But you could in principle have a useful conversation about them with some people.
And there are other topics that might seem harmless, like the relative merits of Ford and Chevy pickup trucks, that you couldn't safely talk about with others.
Obviously that's false: anything else people make can be well or badly designed; why should this be uniquely impossible for programming languages?
And indeed, you can have a fruitful discussion about the relative merits of programming languages, so long as you exclude people who respond from identity.
The more labels you have for yourself, the dumber they make you.
Notes When that happens, it tends to happen fast, like a core going critical.
The most intriguing thing about this theory, if it's right, is that it explains not merely which kinds of discussions to avoid, but how to have better ideas.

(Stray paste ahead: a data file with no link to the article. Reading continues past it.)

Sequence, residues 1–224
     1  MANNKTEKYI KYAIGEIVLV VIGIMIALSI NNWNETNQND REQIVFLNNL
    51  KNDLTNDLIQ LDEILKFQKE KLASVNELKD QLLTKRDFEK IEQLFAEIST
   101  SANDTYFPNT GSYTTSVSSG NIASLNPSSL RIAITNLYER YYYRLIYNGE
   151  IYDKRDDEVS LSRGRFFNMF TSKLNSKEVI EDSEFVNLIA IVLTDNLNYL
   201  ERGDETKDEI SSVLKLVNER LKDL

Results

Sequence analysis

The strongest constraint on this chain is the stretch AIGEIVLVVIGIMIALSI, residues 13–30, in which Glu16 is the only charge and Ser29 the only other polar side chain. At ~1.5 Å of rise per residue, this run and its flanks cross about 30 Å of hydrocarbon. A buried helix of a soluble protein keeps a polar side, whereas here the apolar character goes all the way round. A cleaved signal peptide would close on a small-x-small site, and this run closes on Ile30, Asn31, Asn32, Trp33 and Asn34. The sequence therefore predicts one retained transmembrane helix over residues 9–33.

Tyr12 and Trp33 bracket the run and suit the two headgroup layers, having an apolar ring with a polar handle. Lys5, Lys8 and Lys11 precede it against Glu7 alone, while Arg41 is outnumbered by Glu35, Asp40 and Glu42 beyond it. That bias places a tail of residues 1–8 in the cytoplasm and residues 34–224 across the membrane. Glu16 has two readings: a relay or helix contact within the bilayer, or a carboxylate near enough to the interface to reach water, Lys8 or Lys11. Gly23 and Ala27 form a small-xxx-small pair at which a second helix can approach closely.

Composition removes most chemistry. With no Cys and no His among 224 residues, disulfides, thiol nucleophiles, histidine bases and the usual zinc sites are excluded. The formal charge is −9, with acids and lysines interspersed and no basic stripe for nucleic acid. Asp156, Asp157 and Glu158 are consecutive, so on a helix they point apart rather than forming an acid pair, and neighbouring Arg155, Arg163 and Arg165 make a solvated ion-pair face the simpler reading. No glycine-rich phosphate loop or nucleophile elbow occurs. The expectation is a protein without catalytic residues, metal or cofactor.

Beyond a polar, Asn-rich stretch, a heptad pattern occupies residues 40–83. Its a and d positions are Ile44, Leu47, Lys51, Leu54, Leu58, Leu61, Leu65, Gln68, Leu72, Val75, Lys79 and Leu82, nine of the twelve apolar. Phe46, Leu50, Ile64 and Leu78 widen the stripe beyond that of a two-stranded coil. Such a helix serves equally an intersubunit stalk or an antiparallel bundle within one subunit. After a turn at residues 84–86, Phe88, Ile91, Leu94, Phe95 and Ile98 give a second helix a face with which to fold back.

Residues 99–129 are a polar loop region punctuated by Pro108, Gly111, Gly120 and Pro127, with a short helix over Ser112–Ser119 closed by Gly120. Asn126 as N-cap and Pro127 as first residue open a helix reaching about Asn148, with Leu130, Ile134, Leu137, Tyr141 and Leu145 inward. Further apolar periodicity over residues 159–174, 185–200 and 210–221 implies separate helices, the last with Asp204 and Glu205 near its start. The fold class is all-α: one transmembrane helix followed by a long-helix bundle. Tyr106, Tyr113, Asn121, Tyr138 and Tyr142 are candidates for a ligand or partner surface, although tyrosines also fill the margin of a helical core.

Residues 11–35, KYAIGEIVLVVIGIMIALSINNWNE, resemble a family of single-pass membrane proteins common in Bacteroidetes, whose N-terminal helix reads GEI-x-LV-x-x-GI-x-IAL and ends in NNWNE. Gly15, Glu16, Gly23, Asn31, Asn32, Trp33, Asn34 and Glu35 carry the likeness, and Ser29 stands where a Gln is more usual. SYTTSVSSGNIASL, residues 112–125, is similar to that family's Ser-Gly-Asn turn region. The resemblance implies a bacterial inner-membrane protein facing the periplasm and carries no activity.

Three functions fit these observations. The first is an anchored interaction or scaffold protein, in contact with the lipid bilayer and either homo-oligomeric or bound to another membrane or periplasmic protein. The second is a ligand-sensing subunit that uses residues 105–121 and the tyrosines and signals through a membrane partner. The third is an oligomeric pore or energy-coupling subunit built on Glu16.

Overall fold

If people can't think clearly about anything that has become part of their identity, then all other things being equal, the best plan is to let as few things into your identity as possible.
There was a dried-out field with bleachers and, next to it, a sprawling playground; during the school year, the rutting rhythm of football practice bled into the cacophony of recess through a porous border of mossy oaks.
Mall-size parking lots circled the campus; on Sundays, it looked like a car dealership, and during the week it looked like a fortress, surrounded by an asphalt moat.